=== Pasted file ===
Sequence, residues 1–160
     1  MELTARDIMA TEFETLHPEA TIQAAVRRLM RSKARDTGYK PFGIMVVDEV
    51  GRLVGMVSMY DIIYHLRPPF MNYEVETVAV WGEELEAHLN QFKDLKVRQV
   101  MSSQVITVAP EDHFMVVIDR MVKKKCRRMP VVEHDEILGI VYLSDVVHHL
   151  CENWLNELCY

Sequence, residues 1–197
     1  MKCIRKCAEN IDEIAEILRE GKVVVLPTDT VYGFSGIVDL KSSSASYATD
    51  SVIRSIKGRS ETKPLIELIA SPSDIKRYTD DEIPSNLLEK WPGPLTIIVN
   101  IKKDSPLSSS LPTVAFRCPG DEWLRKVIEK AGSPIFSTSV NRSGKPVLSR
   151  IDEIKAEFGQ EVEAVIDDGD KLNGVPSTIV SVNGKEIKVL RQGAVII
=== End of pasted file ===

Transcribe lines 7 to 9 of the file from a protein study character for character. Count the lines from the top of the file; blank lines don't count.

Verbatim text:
     1  MKCIRKCAEN IDEIAEILRE GKVVVLPTDT VYGFSGIVDL KSSSASYATD
    51  SVIRSIKGRS ETKPLIELIA SPSDIKRYTD DEIPSNLLEK WPGPLTIIVN
   101  IKKDSPLSSS LPTVAFRCPG DEWLRKVIEK AGSPIFSTSV NRSGKPVLSR